My thoughts turn immediately to the Ford Festiva: 1.4 fuel injected engine, four seats, bags of cargo room through the back gate, and as sold, 43 mpg on a steel unit body. They went with a 100 kmile drive train warranty. My wife's lasted a quarter million miles. Did I say 43 mpg in standard trim? Glass doors, lid and body panels, and you're up to 60 mpg no sweat, I'd say....
Brian W
Reply to
Brian Whatcott
Yeah, find a 1.4 engine with 4-valve head and fuel injection. But put it in a 1000 pound car...
That's not really difficult. Make a tube frame of either steel or aluminum and then cover the frame outside and inside with something like Royalex. (Canoes use Royalex as primary structure but here we just use it as unstressed bodywork.)
And Rover has a 1.4 engine...
Now Honda Motorcycles has a 754cc liquid cooled twin with 3-valve head or a 583cc liquid cooled twin with 3-valve head. Then there is a lot of carburetor technology for motocycle engines so that smaller carburetors may be possible.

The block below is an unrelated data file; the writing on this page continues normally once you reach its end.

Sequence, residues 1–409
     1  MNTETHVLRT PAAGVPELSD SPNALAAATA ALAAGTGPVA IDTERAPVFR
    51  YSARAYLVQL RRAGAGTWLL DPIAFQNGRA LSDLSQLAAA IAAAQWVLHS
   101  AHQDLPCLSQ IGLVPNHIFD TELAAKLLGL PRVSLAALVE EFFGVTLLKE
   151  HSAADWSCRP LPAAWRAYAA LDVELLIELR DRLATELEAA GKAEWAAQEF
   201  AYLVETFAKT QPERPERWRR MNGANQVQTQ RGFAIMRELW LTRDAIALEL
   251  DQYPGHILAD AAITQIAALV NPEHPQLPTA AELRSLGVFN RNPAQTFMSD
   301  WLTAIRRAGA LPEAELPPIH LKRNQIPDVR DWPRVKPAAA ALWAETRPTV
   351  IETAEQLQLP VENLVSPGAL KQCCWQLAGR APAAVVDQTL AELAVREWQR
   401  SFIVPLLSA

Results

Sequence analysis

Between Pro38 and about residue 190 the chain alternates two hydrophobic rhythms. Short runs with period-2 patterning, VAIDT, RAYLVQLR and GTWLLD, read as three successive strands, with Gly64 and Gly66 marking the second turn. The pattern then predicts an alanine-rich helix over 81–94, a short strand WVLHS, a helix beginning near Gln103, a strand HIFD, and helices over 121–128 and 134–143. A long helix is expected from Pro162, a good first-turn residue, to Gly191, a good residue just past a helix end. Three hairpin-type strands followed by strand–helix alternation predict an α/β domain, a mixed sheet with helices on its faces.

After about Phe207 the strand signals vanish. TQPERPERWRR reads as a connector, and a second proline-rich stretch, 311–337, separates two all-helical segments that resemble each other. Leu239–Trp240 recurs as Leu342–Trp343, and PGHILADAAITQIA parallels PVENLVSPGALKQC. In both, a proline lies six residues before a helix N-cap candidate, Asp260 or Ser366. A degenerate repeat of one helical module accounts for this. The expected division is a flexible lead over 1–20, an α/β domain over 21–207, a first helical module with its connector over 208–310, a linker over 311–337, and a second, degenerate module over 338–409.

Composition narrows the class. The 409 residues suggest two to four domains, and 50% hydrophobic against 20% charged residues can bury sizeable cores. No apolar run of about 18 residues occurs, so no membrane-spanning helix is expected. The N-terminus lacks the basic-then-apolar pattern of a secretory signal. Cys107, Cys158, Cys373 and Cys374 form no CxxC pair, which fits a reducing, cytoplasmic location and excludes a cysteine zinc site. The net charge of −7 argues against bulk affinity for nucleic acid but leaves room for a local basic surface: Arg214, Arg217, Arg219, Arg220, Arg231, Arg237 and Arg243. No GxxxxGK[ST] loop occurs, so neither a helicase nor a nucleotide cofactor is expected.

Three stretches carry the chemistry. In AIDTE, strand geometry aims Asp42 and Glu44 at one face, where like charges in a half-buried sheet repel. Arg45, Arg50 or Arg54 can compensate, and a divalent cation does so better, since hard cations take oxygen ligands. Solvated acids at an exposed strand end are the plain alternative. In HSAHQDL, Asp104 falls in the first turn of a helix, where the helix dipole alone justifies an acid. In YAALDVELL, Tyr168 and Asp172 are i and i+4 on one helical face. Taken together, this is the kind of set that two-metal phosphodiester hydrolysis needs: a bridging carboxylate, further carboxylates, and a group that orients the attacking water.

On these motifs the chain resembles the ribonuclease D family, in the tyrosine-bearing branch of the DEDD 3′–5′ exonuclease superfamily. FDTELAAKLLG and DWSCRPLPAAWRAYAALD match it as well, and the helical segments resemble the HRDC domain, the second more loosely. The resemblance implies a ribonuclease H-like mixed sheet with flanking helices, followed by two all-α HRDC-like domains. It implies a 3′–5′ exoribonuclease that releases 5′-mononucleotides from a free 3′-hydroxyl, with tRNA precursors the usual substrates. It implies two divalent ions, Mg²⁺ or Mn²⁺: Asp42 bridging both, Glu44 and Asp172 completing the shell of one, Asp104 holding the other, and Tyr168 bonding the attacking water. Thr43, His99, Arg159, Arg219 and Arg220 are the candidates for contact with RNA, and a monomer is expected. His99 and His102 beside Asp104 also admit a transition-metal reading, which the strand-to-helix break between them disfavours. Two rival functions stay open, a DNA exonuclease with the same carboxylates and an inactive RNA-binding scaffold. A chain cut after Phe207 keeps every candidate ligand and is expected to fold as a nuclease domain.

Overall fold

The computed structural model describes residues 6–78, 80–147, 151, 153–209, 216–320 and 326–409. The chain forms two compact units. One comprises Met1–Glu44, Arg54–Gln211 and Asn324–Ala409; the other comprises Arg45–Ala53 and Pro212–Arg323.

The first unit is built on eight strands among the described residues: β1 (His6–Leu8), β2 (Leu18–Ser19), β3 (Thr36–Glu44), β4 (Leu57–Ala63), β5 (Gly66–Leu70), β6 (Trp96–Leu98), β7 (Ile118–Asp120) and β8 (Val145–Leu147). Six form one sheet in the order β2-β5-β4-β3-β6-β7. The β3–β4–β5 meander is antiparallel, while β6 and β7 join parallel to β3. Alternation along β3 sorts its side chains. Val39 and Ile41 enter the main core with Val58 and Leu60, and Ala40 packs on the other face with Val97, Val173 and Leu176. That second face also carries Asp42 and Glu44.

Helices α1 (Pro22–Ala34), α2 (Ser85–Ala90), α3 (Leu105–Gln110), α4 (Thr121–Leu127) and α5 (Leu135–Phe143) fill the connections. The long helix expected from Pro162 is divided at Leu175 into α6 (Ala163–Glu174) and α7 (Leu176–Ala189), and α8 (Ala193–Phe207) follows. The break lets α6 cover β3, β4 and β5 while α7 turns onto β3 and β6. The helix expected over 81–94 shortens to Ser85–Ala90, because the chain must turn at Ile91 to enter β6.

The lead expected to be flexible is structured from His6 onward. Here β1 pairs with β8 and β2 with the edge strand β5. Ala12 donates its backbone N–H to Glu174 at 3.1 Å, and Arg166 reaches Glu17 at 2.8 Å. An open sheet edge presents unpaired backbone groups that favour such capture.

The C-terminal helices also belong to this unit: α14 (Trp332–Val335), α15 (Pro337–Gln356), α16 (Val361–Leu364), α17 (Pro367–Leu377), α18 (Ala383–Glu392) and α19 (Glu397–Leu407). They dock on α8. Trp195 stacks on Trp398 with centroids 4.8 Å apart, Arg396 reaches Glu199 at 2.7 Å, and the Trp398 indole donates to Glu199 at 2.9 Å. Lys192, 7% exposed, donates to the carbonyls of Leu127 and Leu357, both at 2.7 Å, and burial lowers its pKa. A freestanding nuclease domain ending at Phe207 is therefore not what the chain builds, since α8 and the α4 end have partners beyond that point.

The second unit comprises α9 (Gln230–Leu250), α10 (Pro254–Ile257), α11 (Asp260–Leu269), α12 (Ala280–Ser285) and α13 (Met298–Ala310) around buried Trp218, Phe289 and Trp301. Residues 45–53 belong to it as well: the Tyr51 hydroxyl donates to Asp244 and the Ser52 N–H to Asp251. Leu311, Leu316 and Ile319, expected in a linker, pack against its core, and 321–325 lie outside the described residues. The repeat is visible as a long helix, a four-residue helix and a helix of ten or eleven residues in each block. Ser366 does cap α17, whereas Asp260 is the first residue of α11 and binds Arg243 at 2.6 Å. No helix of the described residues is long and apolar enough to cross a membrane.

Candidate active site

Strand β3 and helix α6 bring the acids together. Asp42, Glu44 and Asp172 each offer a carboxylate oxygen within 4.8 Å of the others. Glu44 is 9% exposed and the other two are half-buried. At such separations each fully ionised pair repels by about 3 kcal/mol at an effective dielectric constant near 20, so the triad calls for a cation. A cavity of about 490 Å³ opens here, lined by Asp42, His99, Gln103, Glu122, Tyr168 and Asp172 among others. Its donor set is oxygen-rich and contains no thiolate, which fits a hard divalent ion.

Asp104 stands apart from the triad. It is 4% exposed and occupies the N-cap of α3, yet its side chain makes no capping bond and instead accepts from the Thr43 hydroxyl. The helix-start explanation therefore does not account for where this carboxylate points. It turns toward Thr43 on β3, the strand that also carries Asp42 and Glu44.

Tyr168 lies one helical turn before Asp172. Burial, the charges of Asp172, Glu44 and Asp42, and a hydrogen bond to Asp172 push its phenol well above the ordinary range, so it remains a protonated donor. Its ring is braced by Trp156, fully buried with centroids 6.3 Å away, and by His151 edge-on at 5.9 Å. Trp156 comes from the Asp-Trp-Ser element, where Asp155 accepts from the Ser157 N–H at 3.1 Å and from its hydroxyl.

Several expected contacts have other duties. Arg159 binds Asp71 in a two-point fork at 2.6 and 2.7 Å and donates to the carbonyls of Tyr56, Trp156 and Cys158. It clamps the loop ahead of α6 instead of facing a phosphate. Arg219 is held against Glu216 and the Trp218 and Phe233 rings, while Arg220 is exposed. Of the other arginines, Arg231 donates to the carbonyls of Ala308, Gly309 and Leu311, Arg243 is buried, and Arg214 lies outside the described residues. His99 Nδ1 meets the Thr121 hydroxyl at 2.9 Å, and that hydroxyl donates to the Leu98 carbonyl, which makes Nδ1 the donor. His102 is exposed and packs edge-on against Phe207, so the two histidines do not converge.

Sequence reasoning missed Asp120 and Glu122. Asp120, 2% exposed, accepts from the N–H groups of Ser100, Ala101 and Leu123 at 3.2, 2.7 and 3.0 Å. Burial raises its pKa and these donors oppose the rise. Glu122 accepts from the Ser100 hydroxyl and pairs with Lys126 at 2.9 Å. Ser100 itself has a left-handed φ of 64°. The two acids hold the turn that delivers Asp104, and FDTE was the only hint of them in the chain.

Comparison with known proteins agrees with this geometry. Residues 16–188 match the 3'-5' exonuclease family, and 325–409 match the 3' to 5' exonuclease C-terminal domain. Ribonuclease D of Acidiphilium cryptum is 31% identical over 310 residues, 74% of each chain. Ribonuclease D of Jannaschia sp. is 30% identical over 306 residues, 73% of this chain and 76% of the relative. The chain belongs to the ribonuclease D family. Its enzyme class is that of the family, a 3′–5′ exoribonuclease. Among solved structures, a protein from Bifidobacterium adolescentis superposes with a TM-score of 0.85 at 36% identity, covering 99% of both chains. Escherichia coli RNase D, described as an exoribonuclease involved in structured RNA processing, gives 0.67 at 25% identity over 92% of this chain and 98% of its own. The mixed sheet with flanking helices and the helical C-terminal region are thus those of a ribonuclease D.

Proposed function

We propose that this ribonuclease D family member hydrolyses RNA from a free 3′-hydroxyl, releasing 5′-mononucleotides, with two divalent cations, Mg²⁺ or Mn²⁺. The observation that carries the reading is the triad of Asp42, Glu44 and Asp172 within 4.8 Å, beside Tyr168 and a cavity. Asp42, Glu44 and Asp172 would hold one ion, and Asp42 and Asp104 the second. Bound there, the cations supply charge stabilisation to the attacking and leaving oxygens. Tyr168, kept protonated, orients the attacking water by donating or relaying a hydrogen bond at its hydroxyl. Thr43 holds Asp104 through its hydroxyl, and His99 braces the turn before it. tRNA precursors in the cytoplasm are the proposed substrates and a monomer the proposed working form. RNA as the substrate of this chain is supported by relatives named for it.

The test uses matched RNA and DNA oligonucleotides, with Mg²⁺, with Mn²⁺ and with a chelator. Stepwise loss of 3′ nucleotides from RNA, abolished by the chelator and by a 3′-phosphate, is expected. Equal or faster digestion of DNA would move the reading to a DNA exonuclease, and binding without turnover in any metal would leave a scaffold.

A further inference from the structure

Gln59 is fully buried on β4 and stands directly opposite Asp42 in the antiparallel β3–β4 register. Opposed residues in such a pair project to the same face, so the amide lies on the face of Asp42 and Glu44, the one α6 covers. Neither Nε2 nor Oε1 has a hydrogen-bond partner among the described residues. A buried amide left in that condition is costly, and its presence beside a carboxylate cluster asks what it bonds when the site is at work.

Of course Ducati has a 1078 liquid cooled twin with fuel injection...
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But one of the other posts mentioned aerodynamic drag. But see that's funny because there will always be a goofy entry with tandem seating, airplane fuselage shape, with no concern for air flow under the vehicle, and no concern with cornering ability.
A car must have width and can only be low to make up for the width. But also prevent airflow from going under the car and aerodynamic drag is drastically reduced.
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Reply to
PolicySpy
Uh, how about 3145 MPG?
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I don't know, but talking about 100 MPG when a year or 2 ago somebody got 3145 MPG? Please, don't get nutty about that it wasn't designed to get the X-Prize. Point is certainly a usable and practical version that gets a measly 1/10 th mileage of 314 MPG must be possible!
Reply to
Tony